After our beloved Blue passed away we waited almost a year before getting another dog. In that time the kids were introduced to the world of rabbits. But they weren’t the same.
Eventually Cozzie came into our life. A handsome Blue Heeler with a raccoon-like tail but with ‘trouble’ his middle name. We should have seen the signs.
He was from a farm but but looking back now I’m not sure how reputable it was. He was also older than Blue, almost twelve weeks old and the last of his litter. Left alone and probably barely handled.
Cozzie was a cute and playful pup and we loved him but as the months passed we noticed he didn’t like to be patted on the head. He began growling. Then the barking began. And as he grew it became obvious he was going to be a handful. He wanted to be Alpha Dog. He would try to push his way through the door, he would growl at people who were near us and he had a glint in his eye I never trusted.
Dog obedience classes followed, every week, and eventually Cozzie graduated top of the class. He was super intelligent, he could jump any height, any obstacle and agility course, follow all commands, fetch, retrieve, whatever we asked. At home the kids made hurdles for him outside but I was always on my guard. Always. Life was not relaxing. At all.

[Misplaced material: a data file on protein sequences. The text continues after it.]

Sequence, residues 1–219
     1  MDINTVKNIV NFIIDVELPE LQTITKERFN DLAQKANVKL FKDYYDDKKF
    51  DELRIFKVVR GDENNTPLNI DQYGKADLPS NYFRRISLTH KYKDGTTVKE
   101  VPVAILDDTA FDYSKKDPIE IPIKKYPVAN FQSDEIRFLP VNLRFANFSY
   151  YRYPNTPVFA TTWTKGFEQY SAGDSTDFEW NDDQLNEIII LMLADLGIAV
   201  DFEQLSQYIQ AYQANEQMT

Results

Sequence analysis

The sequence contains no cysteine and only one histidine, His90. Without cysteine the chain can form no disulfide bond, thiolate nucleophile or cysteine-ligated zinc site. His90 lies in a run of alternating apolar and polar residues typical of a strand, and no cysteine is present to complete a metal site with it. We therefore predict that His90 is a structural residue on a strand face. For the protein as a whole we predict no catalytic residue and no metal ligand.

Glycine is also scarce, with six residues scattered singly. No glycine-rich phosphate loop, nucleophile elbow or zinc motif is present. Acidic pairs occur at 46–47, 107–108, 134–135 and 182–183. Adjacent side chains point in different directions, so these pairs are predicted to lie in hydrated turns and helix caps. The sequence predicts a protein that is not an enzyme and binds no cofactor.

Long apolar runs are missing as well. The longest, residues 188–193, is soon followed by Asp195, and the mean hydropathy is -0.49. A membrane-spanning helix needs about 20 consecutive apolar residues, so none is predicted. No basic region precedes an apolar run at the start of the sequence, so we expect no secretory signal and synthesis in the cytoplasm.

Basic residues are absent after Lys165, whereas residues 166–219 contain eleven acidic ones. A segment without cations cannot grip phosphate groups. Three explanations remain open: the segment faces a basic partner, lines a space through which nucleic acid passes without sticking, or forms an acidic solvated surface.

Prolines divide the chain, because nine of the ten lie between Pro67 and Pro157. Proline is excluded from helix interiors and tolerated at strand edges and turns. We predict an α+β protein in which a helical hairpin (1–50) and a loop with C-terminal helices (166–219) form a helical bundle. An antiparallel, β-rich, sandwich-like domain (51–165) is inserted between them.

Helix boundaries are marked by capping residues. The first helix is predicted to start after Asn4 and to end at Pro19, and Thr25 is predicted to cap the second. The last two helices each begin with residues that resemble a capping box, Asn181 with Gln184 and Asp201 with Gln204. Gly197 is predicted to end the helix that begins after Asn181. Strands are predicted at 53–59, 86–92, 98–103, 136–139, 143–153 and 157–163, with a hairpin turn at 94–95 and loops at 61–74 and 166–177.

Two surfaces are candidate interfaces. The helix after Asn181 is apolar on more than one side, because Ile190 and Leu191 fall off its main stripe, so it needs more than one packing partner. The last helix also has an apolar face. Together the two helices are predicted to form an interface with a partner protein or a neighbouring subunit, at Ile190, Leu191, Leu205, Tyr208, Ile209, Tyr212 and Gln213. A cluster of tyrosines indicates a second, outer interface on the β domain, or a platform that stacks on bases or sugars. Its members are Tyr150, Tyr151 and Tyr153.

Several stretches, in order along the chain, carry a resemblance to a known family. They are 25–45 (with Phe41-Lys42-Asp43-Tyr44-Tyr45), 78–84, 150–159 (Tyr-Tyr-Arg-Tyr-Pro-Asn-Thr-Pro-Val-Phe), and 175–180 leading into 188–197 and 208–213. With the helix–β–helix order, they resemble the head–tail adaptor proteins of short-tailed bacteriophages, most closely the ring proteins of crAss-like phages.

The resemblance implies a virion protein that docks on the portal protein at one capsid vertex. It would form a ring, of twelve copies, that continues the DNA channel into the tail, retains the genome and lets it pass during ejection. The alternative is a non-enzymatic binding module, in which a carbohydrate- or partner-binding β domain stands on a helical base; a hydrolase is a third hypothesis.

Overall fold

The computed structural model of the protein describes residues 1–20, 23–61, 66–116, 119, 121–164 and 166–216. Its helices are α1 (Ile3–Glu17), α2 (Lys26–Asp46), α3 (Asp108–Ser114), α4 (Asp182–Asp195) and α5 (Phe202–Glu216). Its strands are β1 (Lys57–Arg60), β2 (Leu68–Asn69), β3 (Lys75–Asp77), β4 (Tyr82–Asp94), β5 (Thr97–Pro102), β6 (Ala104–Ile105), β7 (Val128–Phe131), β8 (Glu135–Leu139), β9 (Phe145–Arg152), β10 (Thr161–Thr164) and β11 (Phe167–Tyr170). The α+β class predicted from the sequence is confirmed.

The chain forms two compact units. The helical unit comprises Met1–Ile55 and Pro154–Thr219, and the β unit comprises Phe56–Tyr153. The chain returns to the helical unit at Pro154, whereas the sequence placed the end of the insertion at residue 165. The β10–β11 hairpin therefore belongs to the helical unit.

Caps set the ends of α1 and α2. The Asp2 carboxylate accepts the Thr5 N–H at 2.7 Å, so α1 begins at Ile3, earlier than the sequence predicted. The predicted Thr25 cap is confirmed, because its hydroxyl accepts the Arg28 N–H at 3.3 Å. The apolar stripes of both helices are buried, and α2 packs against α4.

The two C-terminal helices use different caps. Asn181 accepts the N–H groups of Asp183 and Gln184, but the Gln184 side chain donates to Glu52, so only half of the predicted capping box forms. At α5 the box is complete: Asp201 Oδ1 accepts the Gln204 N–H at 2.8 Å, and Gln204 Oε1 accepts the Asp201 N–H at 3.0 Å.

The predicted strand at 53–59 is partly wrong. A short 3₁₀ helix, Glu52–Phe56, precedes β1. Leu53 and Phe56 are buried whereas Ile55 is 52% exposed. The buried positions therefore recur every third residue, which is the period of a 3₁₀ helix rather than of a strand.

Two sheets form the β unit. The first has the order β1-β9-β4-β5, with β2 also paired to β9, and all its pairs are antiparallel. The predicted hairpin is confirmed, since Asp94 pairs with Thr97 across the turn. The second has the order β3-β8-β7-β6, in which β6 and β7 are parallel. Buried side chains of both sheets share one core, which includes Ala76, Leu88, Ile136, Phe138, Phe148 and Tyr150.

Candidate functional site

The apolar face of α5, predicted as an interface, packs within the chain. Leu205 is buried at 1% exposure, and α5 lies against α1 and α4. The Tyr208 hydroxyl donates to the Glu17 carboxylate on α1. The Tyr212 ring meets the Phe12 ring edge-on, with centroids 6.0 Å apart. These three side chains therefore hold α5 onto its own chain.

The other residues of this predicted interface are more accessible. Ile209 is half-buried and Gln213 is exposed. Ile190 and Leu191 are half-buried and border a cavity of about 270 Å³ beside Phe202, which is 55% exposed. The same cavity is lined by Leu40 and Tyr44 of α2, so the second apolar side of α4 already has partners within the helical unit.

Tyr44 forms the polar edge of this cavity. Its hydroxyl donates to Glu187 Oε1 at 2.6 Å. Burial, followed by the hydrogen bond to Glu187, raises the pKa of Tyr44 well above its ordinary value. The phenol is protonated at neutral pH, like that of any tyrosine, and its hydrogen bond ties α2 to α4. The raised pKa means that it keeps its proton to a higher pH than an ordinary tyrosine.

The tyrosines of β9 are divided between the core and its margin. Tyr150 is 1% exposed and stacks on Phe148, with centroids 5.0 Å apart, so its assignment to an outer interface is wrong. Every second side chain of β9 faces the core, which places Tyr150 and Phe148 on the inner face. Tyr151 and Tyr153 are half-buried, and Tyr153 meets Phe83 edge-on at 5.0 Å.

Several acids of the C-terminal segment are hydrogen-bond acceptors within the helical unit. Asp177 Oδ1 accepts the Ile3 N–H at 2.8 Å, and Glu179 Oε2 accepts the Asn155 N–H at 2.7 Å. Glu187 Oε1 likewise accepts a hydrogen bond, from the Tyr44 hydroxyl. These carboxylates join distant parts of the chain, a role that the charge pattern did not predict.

We tried to take him on holidays with us but they weren’t relaxing. We had to keep him on a lead the entire time. He thought his job was to look after us but he was over protective.
I walked him every day and he lived for those walks. I felt safe, but it was no fun when he growled at everybody that walked past. Most people crossed the road when they saw us coming. He tried to chase bicycles and if anyone knocked on the front door he would lunge at the glass pane. Soon even our friends stopped visiting!
We brought in the Dog Whisperer to try and help. All sorts of tactics followed to control his incessant barking and aggressive behavior. Squirting water at him in the car when he barked, shaking a bottle full of stones in the backyard. I felt horrible doing it. And my stress levels skyrocketed.
At home the troubles continued. He bit a local boy as he was riding by on his bike. I knew his days were numbered. Then one night our kids put on their karate uniforms and Cozzie must have thought they were strange ninjas. He growled and ran up the stairs, as though to attack. I screamed and he stopped. That was the final straw. He had to go.
We put an ad in the paper “Free to Good home. No families. Excellent Guard Dog”. It didn’t take home before he was re-homed to the country. He became a guard dog on a farm, probably where he should have gone from the very beginning.
It was a second chance for him and freedom for us. It was like a weight had been lifted from my shoulders.
I think I aged twenty years in the eighteen months we owned Cozzie.
And we were once more without a dog.